"Confirmation from these two," says the officer, indicating a pair of trembling girls off to the side. They clutch each other's sleeves and wipe their eyes over and over again. "Tell them what you told me." But the girls are unable to string a sentence together, and at last the officer says, "It's her husband."
"Whose husband?" asks Holt, thinking he means one of the girls.
Mose says, "So where's the magician?"
"Obviously, we'd like to talk to her."
Her trick, her husband, almost certainly her doing. Of course she's wanted for questioning. Holt pictures that ax falling again, the matter-of-fact way she brought it down, without hesitation. The image is so clear in his head that he thinks he feels the blade.
He should go home. He didn't sleep last night, just lay in his bed in a panic, and it's starting to catch up with him.
He taps his friend on the shoulder and says, "Listen, I'm going to get on the road."
"Just let me —"
"No, you need to stay. Good luck, Sheriff Huber. I think you may need it."
"Why don't you stay the night?" Mose asks. "We've plenty of room."
"No, thank you. Really need to get home. Iris'll worry," he says, all of which is true.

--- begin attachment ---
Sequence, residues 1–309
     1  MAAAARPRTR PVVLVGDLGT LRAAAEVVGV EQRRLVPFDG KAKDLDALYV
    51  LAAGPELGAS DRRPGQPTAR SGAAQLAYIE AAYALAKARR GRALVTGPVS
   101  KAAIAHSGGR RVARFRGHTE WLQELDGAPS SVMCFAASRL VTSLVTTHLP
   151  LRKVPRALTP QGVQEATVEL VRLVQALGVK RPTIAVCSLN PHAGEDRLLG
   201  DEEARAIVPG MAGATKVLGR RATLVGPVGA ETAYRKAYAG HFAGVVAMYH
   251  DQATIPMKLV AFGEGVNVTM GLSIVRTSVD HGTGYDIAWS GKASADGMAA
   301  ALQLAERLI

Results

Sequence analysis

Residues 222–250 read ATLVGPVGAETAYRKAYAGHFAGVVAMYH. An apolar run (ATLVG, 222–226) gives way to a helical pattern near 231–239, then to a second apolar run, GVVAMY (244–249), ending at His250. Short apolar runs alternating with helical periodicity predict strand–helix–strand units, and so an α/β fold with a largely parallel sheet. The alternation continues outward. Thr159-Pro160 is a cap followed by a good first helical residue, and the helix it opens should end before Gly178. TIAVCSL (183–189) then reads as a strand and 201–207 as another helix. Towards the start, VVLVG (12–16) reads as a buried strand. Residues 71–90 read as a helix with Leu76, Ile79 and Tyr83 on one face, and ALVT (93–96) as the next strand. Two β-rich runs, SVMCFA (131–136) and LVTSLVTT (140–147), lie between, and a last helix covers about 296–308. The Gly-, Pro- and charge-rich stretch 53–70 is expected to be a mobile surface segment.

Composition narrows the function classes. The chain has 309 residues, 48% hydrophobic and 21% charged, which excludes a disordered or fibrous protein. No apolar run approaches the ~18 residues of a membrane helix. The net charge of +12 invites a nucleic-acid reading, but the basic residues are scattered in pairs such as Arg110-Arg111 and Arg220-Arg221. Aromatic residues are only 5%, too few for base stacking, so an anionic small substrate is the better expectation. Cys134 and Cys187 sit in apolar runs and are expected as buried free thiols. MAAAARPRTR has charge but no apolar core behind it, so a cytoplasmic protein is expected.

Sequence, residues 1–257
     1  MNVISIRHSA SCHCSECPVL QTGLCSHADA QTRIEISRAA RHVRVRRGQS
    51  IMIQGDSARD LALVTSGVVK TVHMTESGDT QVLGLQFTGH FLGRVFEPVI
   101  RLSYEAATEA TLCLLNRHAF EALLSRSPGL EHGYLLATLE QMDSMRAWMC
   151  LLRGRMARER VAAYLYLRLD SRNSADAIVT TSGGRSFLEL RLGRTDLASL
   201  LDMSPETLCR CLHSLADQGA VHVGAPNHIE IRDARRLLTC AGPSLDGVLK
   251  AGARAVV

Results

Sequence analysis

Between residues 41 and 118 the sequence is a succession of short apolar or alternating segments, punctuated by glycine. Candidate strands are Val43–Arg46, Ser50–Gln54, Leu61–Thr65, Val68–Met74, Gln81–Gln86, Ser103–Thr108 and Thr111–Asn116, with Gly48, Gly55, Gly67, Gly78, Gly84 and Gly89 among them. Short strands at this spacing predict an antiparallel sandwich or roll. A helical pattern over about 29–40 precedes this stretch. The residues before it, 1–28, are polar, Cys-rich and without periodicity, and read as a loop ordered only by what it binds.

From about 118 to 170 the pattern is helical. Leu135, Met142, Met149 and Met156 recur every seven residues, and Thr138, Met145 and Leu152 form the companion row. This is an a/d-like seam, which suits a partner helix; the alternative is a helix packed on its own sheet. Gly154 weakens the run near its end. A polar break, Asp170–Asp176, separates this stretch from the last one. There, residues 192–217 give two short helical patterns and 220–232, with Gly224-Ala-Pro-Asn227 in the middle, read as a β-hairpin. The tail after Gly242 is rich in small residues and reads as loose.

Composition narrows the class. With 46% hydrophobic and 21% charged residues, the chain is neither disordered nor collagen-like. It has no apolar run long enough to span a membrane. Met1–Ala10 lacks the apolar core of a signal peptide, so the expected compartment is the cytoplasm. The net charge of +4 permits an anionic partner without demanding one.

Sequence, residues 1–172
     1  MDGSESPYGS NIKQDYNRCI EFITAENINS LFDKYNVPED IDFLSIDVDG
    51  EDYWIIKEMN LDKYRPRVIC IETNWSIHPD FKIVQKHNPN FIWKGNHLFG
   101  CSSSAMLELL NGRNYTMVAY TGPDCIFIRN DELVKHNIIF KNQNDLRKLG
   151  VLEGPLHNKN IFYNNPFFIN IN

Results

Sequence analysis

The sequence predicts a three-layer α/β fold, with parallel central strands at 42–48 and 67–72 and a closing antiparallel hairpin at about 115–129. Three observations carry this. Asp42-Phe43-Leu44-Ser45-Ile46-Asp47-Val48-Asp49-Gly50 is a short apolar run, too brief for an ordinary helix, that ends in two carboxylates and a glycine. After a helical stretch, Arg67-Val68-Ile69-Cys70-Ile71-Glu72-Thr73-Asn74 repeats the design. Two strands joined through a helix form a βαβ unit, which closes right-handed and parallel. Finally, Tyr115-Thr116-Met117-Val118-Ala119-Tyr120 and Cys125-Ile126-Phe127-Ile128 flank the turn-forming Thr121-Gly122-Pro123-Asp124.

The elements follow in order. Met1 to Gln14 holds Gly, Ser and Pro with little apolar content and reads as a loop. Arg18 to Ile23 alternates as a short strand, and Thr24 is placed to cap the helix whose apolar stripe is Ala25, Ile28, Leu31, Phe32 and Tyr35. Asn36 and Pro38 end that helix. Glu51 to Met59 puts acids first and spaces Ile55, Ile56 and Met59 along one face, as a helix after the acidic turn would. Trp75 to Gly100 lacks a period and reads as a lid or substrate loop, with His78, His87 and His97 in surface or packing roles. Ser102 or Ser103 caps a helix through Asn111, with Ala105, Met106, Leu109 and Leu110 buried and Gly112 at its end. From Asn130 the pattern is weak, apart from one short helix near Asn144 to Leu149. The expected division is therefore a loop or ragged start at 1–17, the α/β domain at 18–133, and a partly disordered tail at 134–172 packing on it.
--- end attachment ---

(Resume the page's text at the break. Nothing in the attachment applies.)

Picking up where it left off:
Outside in the warm night, the summer air does little to clear his head. He swings his leg over his horse and lowers himself into the saddle inch by inch, angry that he has to be careful about it. The alcohol has dulled the pain enough that he can almost forget it, but not quite. It still gnaws. He's sore from the doctor's poking and prodding, as if the wound itself weren't bad enough. At least he can put this place and this day behind him now. He turns the horse's head toward Janesville.
Fifteen miles down the road, still five miles from home, he slows at the crossroads. The night is silent and warm. For a moment, he pictures himself turning right. Continuing east toward Chicago and Ohio and New York City and the Atlantic Ocean, none of which he's ever seen. Throwing caution to the wind and spurring the horse as fast as he can go, galloping across the open flat land till they're both gasping. Hunger is what makes up his mind in the moment. The lighted window of a restaurant just before the bend, perched here for travelers at all hours, draws him. The road will be there afterward either way.
He ties his horse out front, goes inside, takes a seat. At this late hour, the only other customer is a gentleman in the corner with his head down on the table like he's asleep. Reading the menu, Holt wipes his face with a handkerchief and feels the alcohol sweating out of his pores. He asks for coffee, but this time of night, they don't have a pot ready, and the waitress disappears to put one on fresh. Every single thing on the bill of fare sounds delicious. Fried ham and creamed hominy, roly-poly pudding, and blueberry pie. He could hardly go wrong, whatever he chooses. As Iris says, hunger is the best sauce. He loses himself for a moment, thinking of her. She doesn't yet know the news he heard today. He isn't sure what to tell her. Or what to tell anyone. No doubt they'll force him to resign, give up his position as the town's only police officer. Who will he be then? Would Iris still love a nobody, if that's who he becomes?